Friday 1 November 2019
Tracing dataflow backwards in time is an rr superpower. rr users find it incredibly useful to set hardware data watchpoints on memory locations of interest and reverse-continue to find where those values were changed. Pernosco takes this superpower up a level with its dataflow pane (see the demo there).
From the user's point of view, it's pretty simple: you click on a value and Pernosco shows you where it came from. However, there is more going on here than meets the eye. Often you find that the last modification to memory is not what you're looking for; that the value was computed somewhere and then copied, perhaps many times, until it reached the memory location you're inspecting. This is especially true in move-heavy Rust and C++ code. Pernosco detects copying through memory and registers and follows dataflow backwards through them, producing an explanation comprising multiple steps, any of which the user can inspect just by clicking on them. Thanks to omniscience, this is all very fast. (Jeff Muizelaar implemented something similar with scripting gdb and rr, which partially inspired us. Our infrastructure is a lot more powerful what he had to work with.)
Pernosco explanations terminate when you reach a point where a value was derived from something other than a CPU copy: e.g. an immediate value, I/O, or arithmetic. There's no particular reason why we need to stop there! For example, there is obviously scope to extend these explanations through arithmetic, to explore more general dataflow DAGs, though intelligible visualization would become more difficult.
Pernosco's dataflow explanations differ from what you get with gdb and rr in an interesting way: gdb deliberately ignores idempotent writes, i.e. writes to memory that do not actually change the value. We thought hard about this and decided that Pernosco should not ignore them. Consider a trivial example:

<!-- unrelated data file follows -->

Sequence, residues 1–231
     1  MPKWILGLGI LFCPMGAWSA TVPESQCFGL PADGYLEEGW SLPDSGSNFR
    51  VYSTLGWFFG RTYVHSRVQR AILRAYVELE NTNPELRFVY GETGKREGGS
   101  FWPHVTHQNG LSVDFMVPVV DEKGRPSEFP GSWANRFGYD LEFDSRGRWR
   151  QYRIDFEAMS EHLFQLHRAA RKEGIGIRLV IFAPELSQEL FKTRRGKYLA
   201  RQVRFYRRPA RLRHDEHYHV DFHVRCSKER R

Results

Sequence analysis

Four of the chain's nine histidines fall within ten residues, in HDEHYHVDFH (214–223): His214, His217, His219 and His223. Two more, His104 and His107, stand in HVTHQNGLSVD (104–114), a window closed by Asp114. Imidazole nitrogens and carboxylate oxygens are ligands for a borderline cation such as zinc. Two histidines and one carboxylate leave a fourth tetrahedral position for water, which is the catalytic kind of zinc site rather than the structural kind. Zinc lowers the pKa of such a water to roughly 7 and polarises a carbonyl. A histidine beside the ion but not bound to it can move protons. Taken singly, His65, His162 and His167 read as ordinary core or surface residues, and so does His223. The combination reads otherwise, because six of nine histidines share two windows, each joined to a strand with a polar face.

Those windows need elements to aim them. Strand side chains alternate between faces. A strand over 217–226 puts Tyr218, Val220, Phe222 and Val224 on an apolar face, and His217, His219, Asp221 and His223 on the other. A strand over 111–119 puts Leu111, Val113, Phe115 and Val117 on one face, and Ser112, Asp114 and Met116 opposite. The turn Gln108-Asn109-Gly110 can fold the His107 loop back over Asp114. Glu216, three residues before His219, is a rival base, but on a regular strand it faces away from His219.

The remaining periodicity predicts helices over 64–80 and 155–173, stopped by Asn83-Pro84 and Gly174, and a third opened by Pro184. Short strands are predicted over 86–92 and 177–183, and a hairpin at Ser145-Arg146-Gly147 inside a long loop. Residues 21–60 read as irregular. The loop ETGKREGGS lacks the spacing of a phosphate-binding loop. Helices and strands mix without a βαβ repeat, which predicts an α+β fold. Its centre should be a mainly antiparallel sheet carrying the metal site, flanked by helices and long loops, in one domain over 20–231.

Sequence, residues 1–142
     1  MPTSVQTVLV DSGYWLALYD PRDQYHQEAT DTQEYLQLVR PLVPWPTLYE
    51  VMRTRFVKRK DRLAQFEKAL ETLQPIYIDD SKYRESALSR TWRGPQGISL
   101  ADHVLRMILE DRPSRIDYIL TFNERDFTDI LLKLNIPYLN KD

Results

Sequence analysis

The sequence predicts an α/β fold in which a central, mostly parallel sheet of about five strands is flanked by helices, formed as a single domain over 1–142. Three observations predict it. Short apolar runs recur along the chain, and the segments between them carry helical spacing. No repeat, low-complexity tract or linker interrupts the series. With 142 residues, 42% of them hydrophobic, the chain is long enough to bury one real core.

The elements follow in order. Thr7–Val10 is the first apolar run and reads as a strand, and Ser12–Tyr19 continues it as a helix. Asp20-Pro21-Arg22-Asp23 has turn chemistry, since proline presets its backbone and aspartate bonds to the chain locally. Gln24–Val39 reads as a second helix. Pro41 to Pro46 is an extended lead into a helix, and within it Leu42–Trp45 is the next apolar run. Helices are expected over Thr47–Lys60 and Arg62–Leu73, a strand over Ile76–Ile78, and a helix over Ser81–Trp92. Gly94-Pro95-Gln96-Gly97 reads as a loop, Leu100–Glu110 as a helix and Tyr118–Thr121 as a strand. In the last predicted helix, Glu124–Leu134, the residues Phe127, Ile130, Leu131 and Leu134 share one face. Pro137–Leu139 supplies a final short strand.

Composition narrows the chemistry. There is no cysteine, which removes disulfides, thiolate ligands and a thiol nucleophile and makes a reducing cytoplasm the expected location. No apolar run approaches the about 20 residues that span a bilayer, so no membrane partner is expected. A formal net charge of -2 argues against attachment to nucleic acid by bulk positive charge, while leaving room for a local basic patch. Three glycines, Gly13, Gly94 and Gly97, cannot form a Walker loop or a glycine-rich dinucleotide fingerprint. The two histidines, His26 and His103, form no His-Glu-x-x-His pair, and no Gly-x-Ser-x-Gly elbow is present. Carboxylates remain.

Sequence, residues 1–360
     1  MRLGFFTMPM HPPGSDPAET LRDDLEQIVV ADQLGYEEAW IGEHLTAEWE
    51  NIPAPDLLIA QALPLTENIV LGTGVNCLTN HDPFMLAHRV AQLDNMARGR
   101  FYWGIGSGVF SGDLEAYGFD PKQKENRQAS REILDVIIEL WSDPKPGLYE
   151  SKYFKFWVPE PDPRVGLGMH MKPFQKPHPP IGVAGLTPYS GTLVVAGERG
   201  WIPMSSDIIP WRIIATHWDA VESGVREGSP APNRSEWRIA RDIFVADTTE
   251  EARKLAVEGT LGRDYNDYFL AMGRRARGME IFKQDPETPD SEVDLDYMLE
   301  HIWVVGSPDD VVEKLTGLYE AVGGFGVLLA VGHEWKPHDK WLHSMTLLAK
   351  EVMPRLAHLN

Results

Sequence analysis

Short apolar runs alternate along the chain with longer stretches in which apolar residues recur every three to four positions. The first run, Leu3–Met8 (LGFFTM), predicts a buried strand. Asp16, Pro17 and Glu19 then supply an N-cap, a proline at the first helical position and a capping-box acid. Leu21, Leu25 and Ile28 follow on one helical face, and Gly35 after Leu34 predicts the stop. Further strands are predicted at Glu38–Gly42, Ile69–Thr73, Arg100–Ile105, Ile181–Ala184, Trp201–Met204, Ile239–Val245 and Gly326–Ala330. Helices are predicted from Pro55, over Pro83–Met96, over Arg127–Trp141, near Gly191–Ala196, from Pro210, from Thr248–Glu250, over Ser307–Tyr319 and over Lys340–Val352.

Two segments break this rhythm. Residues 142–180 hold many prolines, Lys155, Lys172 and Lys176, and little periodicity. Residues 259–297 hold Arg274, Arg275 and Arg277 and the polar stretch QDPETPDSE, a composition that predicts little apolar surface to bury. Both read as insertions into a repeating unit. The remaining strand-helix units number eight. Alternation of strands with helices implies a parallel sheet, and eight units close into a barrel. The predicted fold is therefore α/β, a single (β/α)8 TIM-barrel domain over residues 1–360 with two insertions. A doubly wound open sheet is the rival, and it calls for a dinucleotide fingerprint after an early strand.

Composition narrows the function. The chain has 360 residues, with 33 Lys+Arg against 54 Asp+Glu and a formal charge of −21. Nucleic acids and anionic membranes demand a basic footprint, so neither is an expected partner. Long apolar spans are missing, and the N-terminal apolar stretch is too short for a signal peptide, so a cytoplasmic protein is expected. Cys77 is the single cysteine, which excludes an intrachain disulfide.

x = 0; y = 0; x = y;If you set a watchpoint on x at the end and reverse-continue, gdb+rr will break on x = 0. We think this is generally not what you want, so a Pernosco explanation for x at the end will show x = y and y = 0. I don't know why gdb behaves this way, but I suspect it's because gdb watchpoints are sometimes implemented by evaluating the watched expression over time and noting when the value changes; since that can't detect idempotent writes, perhaps hardware watchpoints were made to ignore idempotent writes for consistency.
An interesting observation about our dataflow explanations is that although the semantics are actually quite subtle, even potentially confusing once you dig into them (there are additional subtleties I haven't gone into here!), users don't seem to complain about that. I'm optimistic that the abstraction we provide matches user intuitions closely enough that they skate over the complexity — which I think would be a pretty good result.
(One of my favourite moments with rr was when a Mozilla developer called a Firefox function during an rr replay and it printed what they expected it to print. They were about to move on, but then did a double-take, saying "Errrr ... what just happened?" Features that users take for granted but are actually mind-boggling are the best features.)